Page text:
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Kobe Bryant: Beyond Famous

The tragic event that occurred last Sunday morning in Calabasas, California has been well documented as former Los Angeles Laker great Kobe Bryant (41), his daughter Gianna (13), and seven others were killed when their helicopter crashed on the way to an early morning event.

The NBA honored the 5-time Champion with tributes from around the league, fans poured to the Staples Center to leave flowers and signs, and chants of Kobe were heard in venues across the globe.

As a basketball fan I understood. Bryant was an 18-time All-Star, 15-time All-NBA, and 12-time All-Defensive player that dominated the hardwoods for two decades. The Black Mamba, as he was often called, drew comparisons to Michael Jordan with his tenacity for winning and his will to succeed. Drafted directly out of high school and picked up by the Lakers and GM Jerry West on a draft day trade, Bryant’s highlights included buzzer-beater passes to Shaquille O’Neil, an 81-point performance against the Toronto Raptors, and a 60-point performance in his last NBA game at the age of 38.

As a father I understood. The pain of losing a child, in a scene so unthinkable to imagine, brings tears to my eyes with just the thought.

For anyone who grew up idolizing Kobe Bryant, watched him play, or wore his shoes, the sorrow was understandable. The Emmys delivered musical tributes, celebrities from the sports and entertainment world flooded social media with their condolences, and it seemed as if the world has lost its biggest star.

But how does one come to terms with the death of the basketball legend, the celebrations and accolades, while coping with the events that occurred seventeen years earlier in Edwards, Colorado?

For this life-long Lakers fan, I believe that it’s acceptable to differentiate between the athlete and the individual. Kobe the athlete was incredible with his athleticism, grace, and clutch performances, just as Kobe the father and Kobe the entrepreneur deserved the accolades as well. It was Kobe the man, like all of us, who was flawed.

That’s not an apology on his behalf or an effort to rationalize all of this. The reality is that some people are famous, and some people are beyond famous. The famous will sometimes survive a self-inflicted media storm and sometimes will not. The beyond famous are so beloved that their transgressions, or rumors of, become buried within their performance. I’m not saying it’s right, but I am saying that it happens.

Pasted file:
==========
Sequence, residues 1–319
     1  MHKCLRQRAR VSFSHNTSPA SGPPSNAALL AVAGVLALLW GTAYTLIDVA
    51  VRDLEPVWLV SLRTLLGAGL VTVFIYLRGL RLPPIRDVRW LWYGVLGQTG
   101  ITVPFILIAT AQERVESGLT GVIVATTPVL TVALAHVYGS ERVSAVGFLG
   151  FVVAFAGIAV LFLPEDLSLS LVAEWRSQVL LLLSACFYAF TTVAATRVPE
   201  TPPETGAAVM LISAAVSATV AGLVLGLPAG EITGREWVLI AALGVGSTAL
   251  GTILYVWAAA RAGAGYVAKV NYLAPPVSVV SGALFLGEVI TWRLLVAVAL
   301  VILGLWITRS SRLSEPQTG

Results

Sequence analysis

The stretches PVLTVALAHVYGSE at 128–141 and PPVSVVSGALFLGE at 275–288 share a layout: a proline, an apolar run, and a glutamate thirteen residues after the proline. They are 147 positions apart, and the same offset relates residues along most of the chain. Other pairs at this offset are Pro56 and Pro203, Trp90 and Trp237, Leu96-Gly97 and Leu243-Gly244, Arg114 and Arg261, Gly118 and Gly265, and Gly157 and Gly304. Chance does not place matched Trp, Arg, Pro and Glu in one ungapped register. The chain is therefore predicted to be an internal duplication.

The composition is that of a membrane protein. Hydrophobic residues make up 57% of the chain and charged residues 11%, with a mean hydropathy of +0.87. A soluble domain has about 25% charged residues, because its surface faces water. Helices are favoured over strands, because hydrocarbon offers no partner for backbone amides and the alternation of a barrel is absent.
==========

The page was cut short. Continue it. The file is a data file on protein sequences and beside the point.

Maybe it was the accumulation of circumstances in Bryant’s case that made all of this so impactful. The media that surrounded Bryant after just being passed for third in the all-time NBA scoring list by Lebron James, the suddenness in which the accident occurred, the horrific news that his daughter and friends were onboard, or simply the fact that it occurred in Los Angeles, the entertainment capital of the world. But the reality is that Kobe is not just famous, he’s beyond famous.

Bryant has two gold medals from the Olympics, four All-Star MVPs, and scored 40 points or more 122 times. Only Wilt Chamberlain and Michael Jordan are ahead of Bryant in that category.

Bryant is the only player to have not one, but two Jerseys retired (8 and 24).

Beyond famous. Like Michael Jackson, Magic Johnson, and Tiger Woods. So dominant in their performance, and popular in their field, that society not only gives them the benefit of the doubt, but the chance at redemption.

I don’t know Kobe Bryant the person, parent, husband, or entrepreneur. I only know the ball player.  The one that threw that lob pass to Shaquille O’Neal in game seven against Portland. The one that was named Finals MVP in 2009 and 2010. And the one who finished his career, and life, as one of the greatest basketball players in the history of the sport.

I was walking through a store recently and a young man stopped to comment on my shoes. A pair of blue Nikes that I had purchased simply for the color and style, without knowing any of the particulars.

“Nice Kobe’s,” he said as he glanced down.

Beyond famous.


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Alan Tapley The Athletic Supporter

Alan Tapley is an educator, author, and blogger who has lived just outside of Boulder for the last twenty years.  His published work includes two novels, two children’s books, a series of cartoons in the Minneapolis Star-Tribune, and multiple sports related articles. His love for family and the state of Colorado is only matched by one thing, his passion for sports.  The first baseball game he ever attended was at Wrigley Field, before there were lights.  At the final Bronco game at the old Mile High, he allegedly cut out a piece of his seat in the South stands.  But regardless of being here for the Avalanche’s last Stanley Cup, the Rockies only World Series appearance, and all the Broncos’ Super Bowl Victories, his wife never fails to remind him that he wasn’t at the University of Colorado in 1990, like she was.  The year the Buffs football team won the National Championship.

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